My Turn: Hope in April – National Child Abuse Prevention Month

For the Monitor
Published: 4/4/2019 12:20:02 AM

April is National Child Abuse Prevention Month. The topic of child abuse is sobering and difficult to raise in conversation. It could be a long month. But this year there is hope in April.

Each year over 4 million children in the United States are identified as harmed by their parents or guardians. In New Hampshire, there are about 2,000 abused or neglected children under the protection of the state today. Those are the ones we know about. It’s a hard fact of our communities that children walk among us in pain, even in terror.

Remarkable science of the last two decades tells us those children are at heightened risk for long-term devastating effects: poor school performance, mental illness, chronic heart disease, obesity, a generally shortened life span. The toxic stress of living under constant fear and instability literally changes the architecture and chemistry of a child’s developing brain.

What does that look like? It looks like distraction and inattention: a child who cannot sit still, pay attention or complete a task. It looks like depression and obesity: a child who is isolated, will not participate, may cut himself. It looks like delinquency: a child who communicates her despair by running away, placing herself at risk for substance use and trafficking.

Children respond to toxic stress in two different ways: some internalize it with substance use, self harm or suicidality. Others externalize toxic stress with behaviors that are annoying and disruptive to school and daily routines. Children who externalize stress as a means of coping are far more likely to be suspended or expelled from school – setting off yet another set of risk factors for failure. A child who has been abused or neglected is on a trajectory of poor social and emotional control that pits her or him against all expectations of society, through no fault of their own.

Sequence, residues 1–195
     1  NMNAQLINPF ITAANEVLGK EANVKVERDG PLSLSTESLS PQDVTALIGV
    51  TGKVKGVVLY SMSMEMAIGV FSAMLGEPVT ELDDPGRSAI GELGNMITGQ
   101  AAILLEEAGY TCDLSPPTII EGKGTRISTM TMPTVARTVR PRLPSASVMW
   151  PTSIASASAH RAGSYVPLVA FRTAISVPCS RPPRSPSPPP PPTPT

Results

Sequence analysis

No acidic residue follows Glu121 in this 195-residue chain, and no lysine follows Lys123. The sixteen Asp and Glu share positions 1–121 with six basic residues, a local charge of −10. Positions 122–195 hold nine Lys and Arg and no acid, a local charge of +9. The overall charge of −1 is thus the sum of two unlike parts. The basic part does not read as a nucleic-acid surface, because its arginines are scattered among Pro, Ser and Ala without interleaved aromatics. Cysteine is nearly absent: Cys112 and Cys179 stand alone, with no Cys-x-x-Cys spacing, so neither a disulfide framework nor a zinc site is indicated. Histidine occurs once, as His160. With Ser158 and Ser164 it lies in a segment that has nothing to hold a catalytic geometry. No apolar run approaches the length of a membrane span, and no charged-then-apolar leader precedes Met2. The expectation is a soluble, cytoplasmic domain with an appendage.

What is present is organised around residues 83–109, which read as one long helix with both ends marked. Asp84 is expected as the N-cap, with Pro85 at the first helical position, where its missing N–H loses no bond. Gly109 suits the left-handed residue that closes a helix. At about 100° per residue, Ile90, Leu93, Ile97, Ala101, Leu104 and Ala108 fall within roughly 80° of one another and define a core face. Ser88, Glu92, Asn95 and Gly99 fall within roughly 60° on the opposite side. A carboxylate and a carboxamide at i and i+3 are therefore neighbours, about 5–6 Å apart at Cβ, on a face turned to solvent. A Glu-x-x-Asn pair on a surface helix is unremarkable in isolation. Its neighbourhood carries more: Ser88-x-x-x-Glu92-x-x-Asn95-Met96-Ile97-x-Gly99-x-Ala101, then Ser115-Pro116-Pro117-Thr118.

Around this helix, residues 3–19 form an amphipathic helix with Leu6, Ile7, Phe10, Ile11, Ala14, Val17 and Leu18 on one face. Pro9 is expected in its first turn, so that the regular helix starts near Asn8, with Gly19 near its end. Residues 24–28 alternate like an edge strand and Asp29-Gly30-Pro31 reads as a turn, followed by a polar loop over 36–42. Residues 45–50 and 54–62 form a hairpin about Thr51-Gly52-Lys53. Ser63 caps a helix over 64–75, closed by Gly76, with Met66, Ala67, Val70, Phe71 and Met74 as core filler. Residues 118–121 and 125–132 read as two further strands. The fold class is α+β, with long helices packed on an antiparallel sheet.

On April 5, New Hampshire also acknowledges the theme of the month with “Wear Blue Day” to raise awareness of the problem of child abuse. You have to wonder: Why April and why blue? Does blue represent the color of bruising or loss of life from abuse? Is it sadness and depressed mood? Or is it the color of hope?

April marks the first full month of spring. After a long, cold New England winter, April brings blue skies and fresh starts. This is the gift we must give to children who have been, or are at risk of being, abused and neglected: the blue skies of hope.

There is good news. The same rigorous science that taught us about the harrowing effects of child maltreatment is now telling us that children can be resilient. They can recover. Their brains can regenerate the vital neurons so necessary to critical thought and emotional stability that have been damaged by the stress of maltreatment. There is hope.

The trajectory of chronic illness and dysfunction fades when children have positive experiences.

Dr. Robert Sege, professor of pediatrics and medicine at Tufts University School of Medicine lifts all children on “pillars of hope,” (health outcomes of positive experience). He spoke recently in Concord to a roomful of advocates and providers for children. In an otherwise bleak conversation about the sadness of childhood maltreatment, Dr. Sege was a spring day of optimism and, surprisingly, simplicity. The four pillars of hope include: positive supportive relationships; a safe place to live, play and learn; a sense of belonging to community; and opportunities to develop social-emotional competence. That sounds complicated, but it’s not. Dr. Sege confirms that even a single caring consistent adult can make a difference in a child’s life. Being engaged by and in the community – whether at a church supper or a town meeting – kindles a sense of connectedness that buffers adverse or negative experiences.

We can wear blue on April 5 to acknowledge the need to prevent child maltreatment. Or we can say hello to a child in the neighborhood. Ask her how school was today. Compliment him on his haircut. Know his or her name. They may be shy, they may be restless or active, but they will hear and learn the sense of being valued.

In the meantime, as we mark Child Abuse Prevention Month, we must recognize that it takes all of us and responsive public policy to prevent child abuse in the first place. Policy leaders debating paid family leave in New Hampshire should look to the studies in California that confirm paid family leave has a direct effect on lowering the incidence of child maltreatment. These are the things we know are effective in preventing child abuse or neglect: stable housing and employment, access to health care, including mobile crisis response for distressed children; substance use treatment and prevention. The federal Families First Prevention Services Act, which goes into effect shortly, supports these things with a shift of funding from child protection to prevention. That provides another pillar of hope.

New Hampshire should open up to the hopeful blue skies of childhood and healthy families. Wear blue on April 5. Smile and say hello. We all have a part to play.

(Moira O’Neill is the director of the State of New Hampshire Office of the Child Advocate.)


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